Sidney is now a superstar. This must baffle a great many people, as, indeed, it must baffle Sidney. He is an extraordinary actor, as even his detractors must admit, but he’s been that for a long time, and that doesn’t really explain his eminence. He’s also extraordinarily attractive and winning and virile, but that could just as easily have worked against him. It’s something of a puzzle. Speaking now of the image and not of the man, it has to do with a quality of pain and darger and some funda־ mental impulse to decency that both titillates and reassures the white audience. For example, I’m glad I didn’t write The Defiant Ones,3 but I liked Sidney in it very much. And I suppose that his performance has something to do with what I mean by smuggling in reality. I remember one short scene, in close-up, when he’s talking about his wife, who wants him to “be nice.” Sidney’s face, when he says, “She say, ‘Be nice. Be nice,’” conveys a sorrow and humiliation rarely to be seen on our screen. But white people took that film far more seriously than black people did. When Sidney jumps off the train at the end because he doesn’t want to leave his buddy, the white liberal people downtown were much relieved and joyful. But when black peopie saw him jump off the train, they yelled, “Get back on the train, you fool!” That didn’t mean that they hated Sidney: They just weren’t going for the okey-doke. And if I point out that they were right, it doesn’t mean that Sidney was wrong. That film was made to say something to white people. There was really nothing it could say to black people—except for the authority of Sidney’s performance.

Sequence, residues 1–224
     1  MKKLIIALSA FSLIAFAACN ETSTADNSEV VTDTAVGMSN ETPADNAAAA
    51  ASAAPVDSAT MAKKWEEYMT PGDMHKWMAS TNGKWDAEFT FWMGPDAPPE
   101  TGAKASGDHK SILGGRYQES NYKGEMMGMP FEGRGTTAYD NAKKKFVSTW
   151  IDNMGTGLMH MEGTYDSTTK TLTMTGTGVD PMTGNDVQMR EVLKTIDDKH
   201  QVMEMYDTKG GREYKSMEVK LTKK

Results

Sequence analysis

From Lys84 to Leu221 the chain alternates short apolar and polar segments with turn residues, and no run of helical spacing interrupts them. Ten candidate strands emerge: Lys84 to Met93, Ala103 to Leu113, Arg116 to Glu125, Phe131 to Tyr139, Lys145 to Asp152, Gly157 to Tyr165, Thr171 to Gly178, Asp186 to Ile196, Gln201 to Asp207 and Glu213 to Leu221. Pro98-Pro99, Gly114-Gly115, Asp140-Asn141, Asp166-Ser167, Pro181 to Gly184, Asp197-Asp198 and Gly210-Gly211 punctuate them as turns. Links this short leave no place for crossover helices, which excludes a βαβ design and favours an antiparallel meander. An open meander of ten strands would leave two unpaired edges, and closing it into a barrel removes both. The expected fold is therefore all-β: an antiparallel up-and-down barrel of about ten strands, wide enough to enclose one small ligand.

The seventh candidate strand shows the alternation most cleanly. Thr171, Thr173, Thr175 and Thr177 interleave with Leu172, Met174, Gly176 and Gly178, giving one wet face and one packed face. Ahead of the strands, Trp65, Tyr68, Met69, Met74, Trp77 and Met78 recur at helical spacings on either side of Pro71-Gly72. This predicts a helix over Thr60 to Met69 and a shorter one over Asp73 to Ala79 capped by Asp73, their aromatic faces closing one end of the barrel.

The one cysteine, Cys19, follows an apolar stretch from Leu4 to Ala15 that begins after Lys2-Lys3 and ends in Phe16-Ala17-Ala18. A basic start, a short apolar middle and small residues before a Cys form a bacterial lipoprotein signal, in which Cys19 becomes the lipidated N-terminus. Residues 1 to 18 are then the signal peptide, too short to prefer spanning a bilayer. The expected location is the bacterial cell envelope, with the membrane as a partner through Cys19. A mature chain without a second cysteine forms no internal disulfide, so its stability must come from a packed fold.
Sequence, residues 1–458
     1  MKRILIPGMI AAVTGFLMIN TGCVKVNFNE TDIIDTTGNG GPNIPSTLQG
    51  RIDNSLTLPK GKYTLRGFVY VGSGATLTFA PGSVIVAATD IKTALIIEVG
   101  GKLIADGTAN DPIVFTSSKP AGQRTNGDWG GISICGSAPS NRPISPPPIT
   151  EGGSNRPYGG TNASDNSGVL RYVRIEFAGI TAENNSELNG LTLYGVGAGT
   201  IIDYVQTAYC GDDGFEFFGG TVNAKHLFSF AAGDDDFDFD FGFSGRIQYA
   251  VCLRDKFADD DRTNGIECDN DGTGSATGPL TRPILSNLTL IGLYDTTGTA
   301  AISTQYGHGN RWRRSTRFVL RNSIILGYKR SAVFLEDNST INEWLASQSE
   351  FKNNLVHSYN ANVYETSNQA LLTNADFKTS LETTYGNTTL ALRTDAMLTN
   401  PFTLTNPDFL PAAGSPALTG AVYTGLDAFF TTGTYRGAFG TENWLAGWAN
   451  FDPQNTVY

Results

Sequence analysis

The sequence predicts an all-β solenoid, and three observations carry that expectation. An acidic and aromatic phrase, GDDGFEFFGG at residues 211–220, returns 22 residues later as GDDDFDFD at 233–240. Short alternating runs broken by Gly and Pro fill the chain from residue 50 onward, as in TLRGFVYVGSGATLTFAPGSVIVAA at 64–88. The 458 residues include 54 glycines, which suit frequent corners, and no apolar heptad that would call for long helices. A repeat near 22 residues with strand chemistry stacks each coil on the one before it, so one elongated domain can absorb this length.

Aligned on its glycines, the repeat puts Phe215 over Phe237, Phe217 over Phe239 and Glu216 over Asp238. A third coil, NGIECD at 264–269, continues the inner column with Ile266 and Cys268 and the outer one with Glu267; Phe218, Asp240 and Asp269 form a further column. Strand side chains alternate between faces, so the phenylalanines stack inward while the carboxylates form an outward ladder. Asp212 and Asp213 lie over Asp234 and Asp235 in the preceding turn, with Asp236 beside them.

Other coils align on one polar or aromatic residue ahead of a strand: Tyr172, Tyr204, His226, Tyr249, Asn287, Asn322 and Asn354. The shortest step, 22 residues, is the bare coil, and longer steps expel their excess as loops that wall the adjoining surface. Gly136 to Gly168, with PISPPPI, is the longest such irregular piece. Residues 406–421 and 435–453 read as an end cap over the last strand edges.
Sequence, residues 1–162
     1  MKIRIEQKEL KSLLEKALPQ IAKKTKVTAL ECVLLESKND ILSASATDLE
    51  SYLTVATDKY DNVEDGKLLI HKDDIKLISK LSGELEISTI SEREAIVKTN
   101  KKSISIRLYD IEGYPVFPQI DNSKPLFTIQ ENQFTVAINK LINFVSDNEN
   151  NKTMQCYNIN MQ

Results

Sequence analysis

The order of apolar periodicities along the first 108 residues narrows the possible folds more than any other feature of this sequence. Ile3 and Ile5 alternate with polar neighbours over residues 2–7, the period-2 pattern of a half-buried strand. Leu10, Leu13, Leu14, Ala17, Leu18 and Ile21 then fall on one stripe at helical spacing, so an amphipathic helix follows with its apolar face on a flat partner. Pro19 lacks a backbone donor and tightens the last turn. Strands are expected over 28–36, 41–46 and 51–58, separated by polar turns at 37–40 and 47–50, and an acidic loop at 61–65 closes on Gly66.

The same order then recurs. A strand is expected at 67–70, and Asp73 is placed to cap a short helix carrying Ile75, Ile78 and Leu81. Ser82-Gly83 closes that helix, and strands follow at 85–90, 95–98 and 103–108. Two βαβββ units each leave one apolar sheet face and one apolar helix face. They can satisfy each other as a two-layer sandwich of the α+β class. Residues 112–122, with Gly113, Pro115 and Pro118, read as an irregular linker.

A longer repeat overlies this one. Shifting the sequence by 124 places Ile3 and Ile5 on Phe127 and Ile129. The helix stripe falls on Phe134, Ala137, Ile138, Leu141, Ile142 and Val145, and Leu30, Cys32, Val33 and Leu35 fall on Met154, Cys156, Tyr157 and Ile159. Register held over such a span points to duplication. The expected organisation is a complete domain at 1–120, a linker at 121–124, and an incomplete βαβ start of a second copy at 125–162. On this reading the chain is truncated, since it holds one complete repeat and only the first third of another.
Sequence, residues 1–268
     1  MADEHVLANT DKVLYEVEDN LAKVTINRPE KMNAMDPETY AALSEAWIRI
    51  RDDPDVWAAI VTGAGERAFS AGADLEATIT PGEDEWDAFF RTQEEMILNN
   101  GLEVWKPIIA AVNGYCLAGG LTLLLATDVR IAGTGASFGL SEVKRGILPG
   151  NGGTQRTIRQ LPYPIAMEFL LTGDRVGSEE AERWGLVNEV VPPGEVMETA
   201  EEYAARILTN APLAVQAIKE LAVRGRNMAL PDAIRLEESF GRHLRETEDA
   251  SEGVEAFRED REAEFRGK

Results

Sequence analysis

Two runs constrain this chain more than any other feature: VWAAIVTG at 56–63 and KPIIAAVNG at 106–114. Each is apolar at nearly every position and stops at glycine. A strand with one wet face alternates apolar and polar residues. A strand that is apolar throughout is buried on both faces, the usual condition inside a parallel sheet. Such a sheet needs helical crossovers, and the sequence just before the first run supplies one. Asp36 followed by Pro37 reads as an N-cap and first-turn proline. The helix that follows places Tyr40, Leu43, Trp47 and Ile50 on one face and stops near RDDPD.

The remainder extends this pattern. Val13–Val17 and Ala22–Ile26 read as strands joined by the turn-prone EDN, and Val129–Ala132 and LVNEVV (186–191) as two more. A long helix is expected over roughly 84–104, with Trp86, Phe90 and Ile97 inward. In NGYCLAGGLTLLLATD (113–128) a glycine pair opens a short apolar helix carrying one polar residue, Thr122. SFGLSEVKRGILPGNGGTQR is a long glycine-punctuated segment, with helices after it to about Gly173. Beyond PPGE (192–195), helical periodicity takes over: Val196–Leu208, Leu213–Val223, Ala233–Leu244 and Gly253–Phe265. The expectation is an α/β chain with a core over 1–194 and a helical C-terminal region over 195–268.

Black people have been robbed of everything in this country, and they don’t want to be robbed of their artists. Black people particularly disliked Guess Who’s Coming to Dinner,4 which I made a point of seeing, because they felt that Sidney was, in effect, being used against them. I’m now on very delicate ground, and I know it, but I can’t really duck this issue—because it’s been raised so often. I can’t pretend that the movie meant anything to me. It seemed a glib, good-natured comedy in which a lot of able people were being wasted. But, I told myself, this movie wasn’t made for you. And I really don’t know the people for whom it was made. I moved out of their world, insofar as this is ever possible, a long time ago. I remember the cheerful English lady in a wineshop in London who had seen this movie and adored it and adored the star. She was a nice lady, and certainly not a racist, and it would simply have been an unjust waste of time to get angry with her for knowing so little about black people. The hard fact is that most people, of whatever color, don’t know much about each other because they don’t care much about each other. Would the image projected by Sidney cause that English lady to be friendly to the next West Indian who walked into her shop? Would it cause her to think, in any real way, of the reality, the presence, the simple human fact of black people? Or was Sidney’s black face simply, now, a part of a fantasy—the fantasy of her life, precisely—which she would never understand? This is a question posed by the communications media of the 20th century, and it is not a question anyone can answer with authority. One is gambling on the human potential of an inarticulate and unknown consciousness—that of the people. This consciousness has never been of such crucial importance in the world before. But one knows that the work of the world gets itself done in very strange ways, by means of very strange instruments, and takes a very long time. And I also thought that Guess Who’s Coming to Dinner may prove, in some bizarre way, to be a milestone, because it is really quite impossible to go any further in that particular direction. The next time, the kissing will have to start.